When Bethel and Newry were incorporated in the state of Massachusetts, they became obligated to implement a public school system. The town selectmen were responsible for insuring that qualified teachers were hired.
At the time John Adams drafted the Massachusetts Constitution in 1780, he included provisions that guaranteed public education to all citizens. In 1789 Massachusetts was the first state in the nation to pass a comprehensive education law. In updating the colony's 1647 law, the legislature required all teachers in grammar schools to "provide satisfactory evidence" that they had received a formal education in a college or university and, equally important, were of good moral character. Even women who taught neighborhood dame schools were to be certified by the selectmen.
Bethel, incorporated in 1796, appointed its first school committee at the 1798 annual town meeting; members were Nathaniel Segar, Jonathan Bartlett, Amos Gage, Eleazer Twitchell, Amos Hastings, Josiah Bean and Walter Mason. This committee was instructed to divide the town into two districts. And a month later at another meeting, the town voted to build three school houses and three hundred dollars were raised. Eli Twitchell, Josiah Bean and John Holt were made a committee to take charge of building the school houses.
In the next few years, the number of school districts multiplied rapidly. In 1808, Samuel B. Locke, Ebenezer Eames, Amos Hastings, Nathaniel Swan and John Merrill were reassigned to the fourth school district from the third. (The fourth district school house was located near Swan’s Corner on the road now called Martin’s Lane; see 1858 map.) With the exception of John Merrill, these families lived along the Sunday River. Merrill lived about where the Sunday River Road joins Route 2 (Bethel-Rumford). In 1809, $250. was voted for schools.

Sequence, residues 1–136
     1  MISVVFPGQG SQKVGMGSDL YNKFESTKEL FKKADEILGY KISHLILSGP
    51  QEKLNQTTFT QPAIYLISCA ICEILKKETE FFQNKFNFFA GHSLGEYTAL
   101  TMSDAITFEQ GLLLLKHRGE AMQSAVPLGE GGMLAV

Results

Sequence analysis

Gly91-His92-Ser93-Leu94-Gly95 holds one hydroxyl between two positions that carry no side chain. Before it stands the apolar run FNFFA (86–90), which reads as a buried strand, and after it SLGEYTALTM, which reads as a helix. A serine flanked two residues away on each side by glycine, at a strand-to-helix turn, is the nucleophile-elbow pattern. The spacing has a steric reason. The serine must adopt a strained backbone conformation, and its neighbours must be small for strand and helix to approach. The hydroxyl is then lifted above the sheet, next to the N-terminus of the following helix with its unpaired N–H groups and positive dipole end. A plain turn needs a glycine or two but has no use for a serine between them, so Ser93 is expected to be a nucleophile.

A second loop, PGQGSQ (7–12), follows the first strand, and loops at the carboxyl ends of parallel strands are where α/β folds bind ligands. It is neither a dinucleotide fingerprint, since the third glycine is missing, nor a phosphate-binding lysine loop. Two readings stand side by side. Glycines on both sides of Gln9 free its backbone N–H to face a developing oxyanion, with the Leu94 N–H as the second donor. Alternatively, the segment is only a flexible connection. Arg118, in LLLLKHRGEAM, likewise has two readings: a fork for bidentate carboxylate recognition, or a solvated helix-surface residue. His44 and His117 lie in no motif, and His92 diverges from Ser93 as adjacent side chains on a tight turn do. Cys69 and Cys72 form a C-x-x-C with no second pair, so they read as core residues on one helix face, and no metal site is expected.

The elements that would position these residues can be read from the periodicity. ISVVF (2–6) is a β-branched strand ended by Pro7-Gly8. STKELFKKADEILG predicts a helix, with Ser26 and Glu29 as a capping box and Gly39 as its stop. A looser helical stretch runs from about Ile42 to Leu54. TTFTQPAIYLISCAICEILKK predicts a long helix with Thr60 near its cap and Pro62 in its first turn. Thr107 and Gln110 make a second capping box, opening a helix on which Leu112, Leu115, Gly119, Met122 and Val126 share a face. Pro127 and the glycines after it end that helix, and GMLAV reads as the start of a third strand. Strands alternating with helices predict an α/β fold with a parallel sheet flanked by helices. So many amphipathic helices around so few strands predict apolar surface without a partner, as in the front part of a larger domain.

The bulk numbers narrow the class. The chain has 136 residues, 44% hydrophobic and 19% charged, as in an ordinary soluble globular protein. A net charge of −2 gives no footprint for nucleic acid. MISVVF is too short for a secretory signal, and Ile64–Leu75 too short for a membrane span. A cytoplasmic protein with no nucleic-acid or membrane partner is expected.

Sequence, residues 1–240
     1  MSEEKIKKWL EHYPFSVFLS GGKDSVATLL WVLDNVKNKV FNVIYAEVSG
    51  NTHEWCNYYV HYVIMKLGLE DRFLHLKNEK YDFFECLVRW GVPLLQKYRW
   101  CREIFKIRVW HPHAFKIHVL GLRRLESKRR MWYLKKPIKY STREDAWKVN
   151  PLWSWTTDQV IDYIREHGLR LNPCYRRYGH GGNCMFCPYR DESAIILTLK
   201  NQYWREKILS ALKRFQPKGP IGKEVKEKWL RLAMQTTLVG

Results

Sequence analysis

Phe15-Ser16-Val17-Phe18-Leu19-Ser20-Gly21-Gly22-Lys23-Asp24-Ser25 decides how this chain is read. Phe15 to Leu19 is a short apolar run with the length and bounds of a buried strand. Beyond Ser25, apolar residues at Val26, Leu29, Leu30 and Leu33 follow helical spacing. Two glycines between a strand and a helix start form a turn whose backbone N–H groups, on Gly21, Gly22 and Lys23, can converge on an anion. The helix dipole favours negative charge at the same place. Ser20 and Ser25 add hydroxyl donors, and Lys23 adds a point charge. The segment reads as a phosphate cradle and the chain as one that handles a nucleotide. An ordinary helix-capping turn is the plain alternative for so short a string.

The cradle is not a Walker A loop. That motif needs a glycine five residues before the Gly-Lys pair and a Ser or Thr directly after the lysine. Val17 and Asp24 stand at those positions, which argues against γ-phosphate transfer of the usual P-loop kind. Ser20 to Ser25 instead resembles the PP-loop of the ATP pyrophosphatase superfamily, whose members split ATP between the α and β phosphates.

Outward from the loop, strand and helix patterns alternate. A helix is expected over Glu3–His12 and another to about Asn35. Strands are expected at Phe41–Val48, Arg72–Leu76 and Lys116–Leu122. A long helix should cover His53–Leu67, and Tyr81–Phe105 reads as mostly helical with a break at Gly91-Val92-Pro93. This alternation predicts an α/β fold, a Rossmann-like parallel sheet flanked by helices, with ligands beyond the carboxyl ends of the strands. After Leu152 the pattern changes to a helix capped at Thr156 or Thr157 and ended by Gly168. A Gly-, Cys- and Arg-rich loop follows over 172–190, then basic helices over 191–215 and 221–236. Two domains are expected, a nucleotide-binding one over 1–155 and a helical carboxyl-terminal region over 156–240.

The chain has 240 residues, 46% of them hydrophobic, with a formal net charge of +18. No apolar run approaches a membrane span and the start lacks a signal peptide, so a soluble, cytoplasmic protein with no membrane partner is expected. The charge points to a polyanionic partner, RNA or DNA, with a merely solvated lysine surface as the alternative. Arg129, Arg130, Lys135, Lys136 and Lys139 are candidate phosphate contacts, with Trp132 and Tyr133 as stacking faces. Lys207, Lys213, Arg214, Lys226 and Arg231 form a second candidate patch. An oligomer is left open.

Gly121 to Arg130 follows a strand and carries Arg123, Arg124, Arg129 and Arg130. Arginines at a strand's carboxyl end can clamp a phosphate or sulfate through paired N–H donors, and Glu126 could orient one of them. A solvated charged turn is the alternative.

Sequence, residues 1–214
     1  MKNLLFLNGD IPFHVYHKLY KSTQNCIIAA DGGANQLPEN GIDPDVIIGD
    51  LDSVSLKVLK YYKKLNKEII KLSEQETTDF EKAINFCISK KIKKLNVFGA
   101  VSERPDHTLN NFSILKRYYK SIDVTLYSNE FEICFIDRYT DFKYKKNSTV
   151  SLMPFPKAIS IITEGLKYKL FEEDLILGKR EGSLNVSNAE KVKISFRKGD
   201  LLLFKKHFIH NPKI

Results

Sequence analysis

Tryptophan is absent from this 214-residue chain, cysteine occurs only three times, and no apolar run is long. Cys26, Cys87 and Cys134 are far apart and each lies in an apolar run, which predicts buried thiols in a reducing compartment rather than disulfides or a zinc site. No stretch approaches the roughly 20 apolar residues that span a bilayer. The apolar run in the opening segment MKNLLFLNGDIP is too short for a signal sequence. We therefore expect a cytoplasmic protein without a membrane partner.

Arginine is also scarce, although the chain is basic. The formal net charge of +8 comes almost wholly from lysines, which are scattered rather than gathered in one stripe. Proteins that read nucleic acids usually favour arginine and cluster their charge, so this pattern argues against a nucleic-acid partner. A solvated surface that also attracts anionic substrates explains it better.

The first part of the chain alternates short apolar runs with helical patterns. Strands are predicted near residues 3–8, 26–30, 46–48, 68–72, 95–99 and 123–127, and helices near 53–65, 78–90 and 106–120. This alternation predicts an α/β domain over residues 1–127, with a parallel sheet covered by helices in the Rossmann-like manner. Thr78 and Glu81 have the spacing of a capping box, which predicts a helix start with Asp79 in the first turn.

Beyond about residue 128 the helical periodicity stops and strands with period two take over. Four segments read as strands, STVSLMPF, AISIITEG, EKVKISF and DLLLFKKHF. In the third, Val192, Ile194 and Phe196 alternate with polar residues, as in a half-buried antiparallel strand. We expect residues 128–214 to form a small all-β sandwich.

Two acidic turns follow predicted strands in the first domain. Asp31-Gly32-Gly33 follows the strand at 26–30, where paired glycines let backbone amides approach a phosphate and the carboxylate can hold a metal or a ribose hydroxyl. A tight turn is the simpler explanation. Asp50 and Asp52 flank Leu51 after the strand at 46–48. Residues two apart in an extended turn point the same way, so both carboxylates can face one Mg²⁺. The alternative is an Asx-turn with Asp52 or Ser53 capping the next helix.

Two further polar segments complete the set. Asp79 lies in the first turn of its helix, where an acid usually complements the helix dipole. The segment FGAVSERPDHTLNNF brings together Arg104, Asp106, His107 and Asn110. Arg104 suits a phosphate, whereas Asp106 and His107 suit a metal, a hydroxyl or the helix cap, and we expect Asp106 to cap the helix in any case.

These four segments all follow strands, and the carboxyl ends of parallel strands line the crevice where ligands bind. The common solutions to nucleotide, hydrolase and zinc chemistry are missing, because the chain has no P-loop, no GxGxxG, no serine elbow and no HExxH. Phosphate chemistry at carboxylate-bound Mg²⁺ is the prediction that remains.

Newry, incorporated in 1805, appointed Lt. Asa Foster, Capt. Benjamin Barker, E. Lincoln, Esa Barker, Isaac Powers a committee to decide on the locations for school houses at the first town meeting. By 1810 the town had established two school districts, North and South, Sunday River being the South District. School funding was to be based on the proportion of the scholars (in the town’s two districts) between ages three and twenty-one. Students would have to attend the school in their respective district.
In 1811 it was decided that Sunday River should get 1/5 more money than Bear River for the completion of school houses that year. By 1825, school money was divided equally between the two rivers’ districts. In 1817, the town voted to allow districts to employ teachers selected by a district committee or “any other way they may think best”. In 1822, it was voted that school money could be paid in grain– wheat at $1.25 per bushel and rye at $.83.
The Sunday River town school attendance was similar to colonial Massachusetts school situation—families depended on agriculture for their livelihood. Once children became old enough to work they usually attended school when not needed at home. Raising money for schools was a difficult job for all concerned.
Bethel, Newry and Riley employed a system of school district agents. Although selectmen and/or the town school committees were responsible for inspecting schools and teacher qualifications and performance, the district agent could hire teachers for their districts.
In 1827, Newry divided the town into four school districts. In Sunday River, District 1 was the lower district and District 3 was the upper school district. (Numbers 2 and 4 were Bear River districts.) Sunday River’s dividing line was set between Joel Foster and Joseph Jackson—approximately at the Monkey Brook Road junction with the road to Riley.